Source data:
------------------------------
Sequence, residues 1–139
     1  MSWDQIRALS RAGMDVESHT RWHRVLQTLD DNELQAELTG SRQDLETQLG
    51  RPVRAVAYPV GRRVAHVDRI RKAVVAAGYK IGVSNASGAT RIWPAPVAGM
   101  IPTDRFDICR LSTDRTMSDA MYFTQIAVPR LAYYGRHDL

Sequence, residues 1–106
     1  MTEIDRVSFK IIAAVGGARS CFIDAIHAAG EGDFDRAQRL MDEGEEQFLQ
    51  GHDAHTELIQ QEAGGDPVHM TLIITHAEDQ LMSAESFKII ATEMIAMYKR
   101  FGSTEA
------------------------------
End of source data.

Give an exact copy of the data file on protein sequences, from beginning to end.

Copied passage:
Sequence, residues 1–139
     1  MSWDQIRALS RAGMDVESHT RWHRVLQTLD DNELQAELTG SRQDLETQLG
    51  RPVRAVAYPV GRRVAHVDRI RKAVVAAGYK IGVSNASGAT RIWPAPVAGM
   101  IPTDRFDICR LSTDRTMSDA MYFTQIAVPR LAYYGRHDL

Sequence, residues 1–106
     1  MTEIDRVSFK IIAAVGGARS CFIDAIHAAG EGDFDRAQRL MDEGEEQFLQ
    51  GHDAHTELIQ QEAGGDPVHM TLIITHAEDQ LMSAESFKII ATEMIAMYKR
   101  FGSTEA